The Lucky One

"Grim"

The Lucky One Review


Zac Efron isn't a bad actor, but this kind of sappy movie will do nothing to build his credibility. The flimsy plot might just about hold a pre-teen girl's interest, but lazy writing and bland production waste the decent filmmaking and acting.

After three tours of duty, shellshocked Marine Logan (Efron) heads home with no plan for the future. At one point in battle he'd found a picture of a pretty girl who became a sort-of guardian angel, so he decides to locate her based on landmarks in the photo. Eventually he meets kennel-owner Beth (Schilling) in down-home Louisiana. Without telling her how he knows her, he takes a job and reluctantly falls for her while charming her smart son (Stewart) and sassy granny (Danner). But Beth's sheriff ex-husband (Ferguson) isn't happy about this interloper.

The plot is assembled by numbers with a series of ludicrously predictable twists and turns. Besides the requisite villain, everyone in this film is almost painfully nice. Beth's kennel is the nicest kennel on earth, populated by the happiest dogs you've ever seen. Everyone has secret depths of loyalty and talent just waiting to emerge when needed. And the way they talk to each other is nauseatingly adorable.

In other words, there isn't an honest moment in this film, which has had every rough edge scrubbed and polished into shimmering loveliness. Even the genuinely terrible things in the plot have a plus side, which Mark Isham's weepy score reminds us constantly. In fact, the film is only remotely watchable because Efron is actually rather interesting as the stony, silent, beefy type, and his chemistry with the rather flatly luminous Schilling is sometimes rather touching.

But the script (or perhaps the Nicholas Sparks novel upon which it's based) and director Hicks keep everything so warmly glowing that these people never get a chance to live and breathe. They smile and cry on cue, confront each other at various points demanded by Screenwriting 101 and ultimately fall in line with the pushy but annoyingly moving resolution to their simplistic problems. That said, if you find a tear in your eye, don't feel too gullible. These are master manipulators.



The Lucky One

Facts and Figures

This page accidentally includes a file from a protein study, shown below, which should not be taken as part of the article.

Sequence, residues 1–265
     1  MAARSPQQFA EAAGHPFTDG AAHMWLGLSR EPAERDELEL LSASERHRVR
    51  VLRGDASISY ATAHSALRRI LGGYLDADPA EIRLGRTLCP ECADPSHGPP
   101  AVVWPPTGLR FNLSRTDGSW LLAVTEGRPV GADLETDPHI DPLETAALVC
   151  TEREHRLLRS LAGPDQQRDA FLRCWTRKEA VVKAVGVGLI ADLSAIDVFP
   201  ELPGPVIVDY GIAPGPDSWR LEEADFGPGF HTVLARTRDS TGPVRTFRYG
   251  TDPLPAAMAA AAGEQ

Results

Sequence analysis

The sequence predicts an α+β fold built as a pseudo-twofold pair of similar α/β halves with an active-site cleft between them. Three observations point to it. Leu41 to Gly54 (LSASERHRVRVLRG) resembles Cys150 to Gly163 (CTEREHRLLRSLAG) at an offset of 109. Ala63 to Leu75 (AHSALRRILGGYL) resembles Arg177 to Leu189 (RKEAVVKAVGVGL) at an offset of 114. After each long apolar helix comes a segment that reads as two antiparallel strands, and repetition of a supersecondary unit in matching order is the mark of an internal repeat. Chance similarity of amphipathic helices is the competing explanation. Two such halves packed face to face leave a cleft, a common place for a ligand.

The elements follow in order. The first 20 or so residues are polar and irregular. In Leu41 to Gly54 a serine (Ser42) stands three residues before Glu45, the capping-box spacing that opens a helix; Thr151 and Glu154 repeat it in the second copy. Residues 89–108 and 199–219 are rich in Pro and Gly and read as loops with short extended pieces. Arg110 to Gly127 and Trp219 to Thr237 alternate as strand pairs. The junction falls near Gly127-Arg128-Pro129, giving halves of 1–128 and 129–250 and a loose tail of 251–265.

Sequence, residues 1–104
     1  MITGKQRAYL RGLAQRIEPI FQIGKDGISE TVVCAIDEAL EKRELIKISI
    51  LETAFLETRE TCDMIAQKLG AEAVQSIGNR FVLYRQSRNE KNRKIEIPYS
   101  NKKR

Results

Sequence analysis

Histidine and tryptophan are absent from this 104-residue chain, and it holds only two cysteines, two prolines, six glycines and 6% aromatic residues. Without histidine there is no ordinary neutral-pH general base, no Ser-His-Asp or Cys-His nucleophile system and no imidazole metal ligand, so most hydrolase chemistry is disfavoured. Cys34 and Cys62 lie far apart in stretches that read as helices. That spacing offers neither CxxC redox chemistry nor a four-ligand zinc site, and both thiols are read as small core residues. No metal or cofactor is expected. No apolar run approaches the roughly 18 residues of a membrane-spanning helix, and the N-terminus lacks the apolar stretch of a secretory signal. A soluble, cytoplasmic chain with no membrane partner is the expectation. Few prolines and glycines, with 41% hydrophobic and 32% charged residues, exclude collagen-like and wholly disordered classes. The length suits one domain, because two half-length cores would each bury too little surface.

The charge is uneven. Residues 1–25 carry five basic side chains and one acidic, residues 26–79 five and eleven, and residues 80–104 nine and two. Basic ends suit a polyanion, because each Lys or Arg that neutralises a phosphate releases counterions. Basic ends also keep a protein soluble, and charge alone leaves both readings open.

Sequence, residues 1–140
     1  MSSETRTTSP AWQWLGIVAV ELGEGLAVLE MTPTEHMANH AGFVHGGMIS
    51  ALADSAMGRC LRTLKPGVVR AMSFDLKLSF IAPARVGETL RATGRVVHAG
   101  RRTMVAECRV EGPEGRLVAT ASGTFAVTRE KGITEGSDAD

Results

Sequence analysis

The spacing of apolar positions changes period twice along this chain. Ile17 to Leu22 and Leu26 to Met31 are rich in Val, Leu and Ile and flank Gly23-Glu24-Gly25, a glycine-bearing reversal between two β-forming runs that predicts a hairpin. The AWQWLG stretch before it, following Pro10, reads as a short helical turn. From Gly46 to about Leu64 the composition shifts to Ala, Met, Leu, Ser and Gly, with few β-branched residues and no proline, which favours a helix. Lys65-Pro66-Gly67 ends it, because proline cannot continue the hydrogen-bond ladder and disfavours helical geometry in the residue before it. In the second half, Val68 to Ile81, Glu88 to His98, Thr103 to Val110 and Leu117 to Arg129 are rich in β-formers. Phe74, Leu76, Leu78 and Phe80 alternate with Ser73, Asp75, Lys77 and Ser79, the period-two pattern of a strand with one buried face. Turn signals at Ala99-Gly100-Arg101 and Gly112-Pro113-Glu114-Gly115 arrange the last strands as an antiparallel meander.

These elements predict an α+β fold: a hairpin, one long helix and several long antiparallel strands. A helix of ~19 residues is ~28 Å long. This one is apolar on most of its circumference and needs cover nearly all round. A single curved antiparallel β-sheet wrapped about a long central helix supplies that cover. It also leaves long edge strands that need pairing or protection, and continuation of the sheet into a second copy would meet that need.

Run time: 101 mins

In Theaters: Friday 20th April 2012

Box Office USA: $60.4M

Budget: $35M

Distributed by: Warner Bros. Pictures

Production compaines: Langley Park Production, Warner Bros. Pictures

Reviews

Contactmusic.com: 2 / 5

Rotten Tomatoes: 20%
Fresh: 28 Rotten: 113

IMDB: 6.5 / 10

Cast & Crew

Director:

Producer: , Kevin McCormick

Starring: as Logan Thibault, as Nana, as Beth Clayton, Jay R. Ferguson as Keith Clayton, as Ben Clayton, as Deputy Moore, Jillian Batherson as Amanda, Courtney J. Clark as Logans`s Sister, Sharon Morris as Principal Miller, Russell Durham Comegys as Roger Lyle


Contactmusic


Links



Advertisement

New Movies

Mission: Impossible - Rogue Nation Movie Review

Mission: Impossible - Rogue Nation Movie Review

Writer-director Christopher McQuarrie brings a dark and gritty tone to this larger-than-life franchise. Along with...

Beyond the Reach Movie Review

Beyond the Reach Movie Review

With a spectacular setting and two solid actors on-screen, this thriller builds enough solid suspense...

Cub Movie Review

Cub Movie Review

At a time when horror movies seem to only want to make the audience jump,...

Inside Out Movie Review

Inside Out Movie Review

Those bright sparks at Pixar have done it again, taking a fiercely original approach to...

Advertisement
Southpaw Movie Review

Southpaw Movie Review

Slick direction and meaty performances may be enough for some viewers, but this boxing drama's...

Eden Movie Review

Eden Movie Review

Loose and impressionistic, this beautifully shot film traces the career of a DJ who pioneered...

The Gallows Movie Review

The Gallows Movie Review

Without a single moment of originality, this found-footage horror movie really deserves to be the...

Self/Less Movie Review

Self/Less Movie Review

An intriguing premise keeps the audience gripped for about 20 minutes before the movie runs...

Advertisement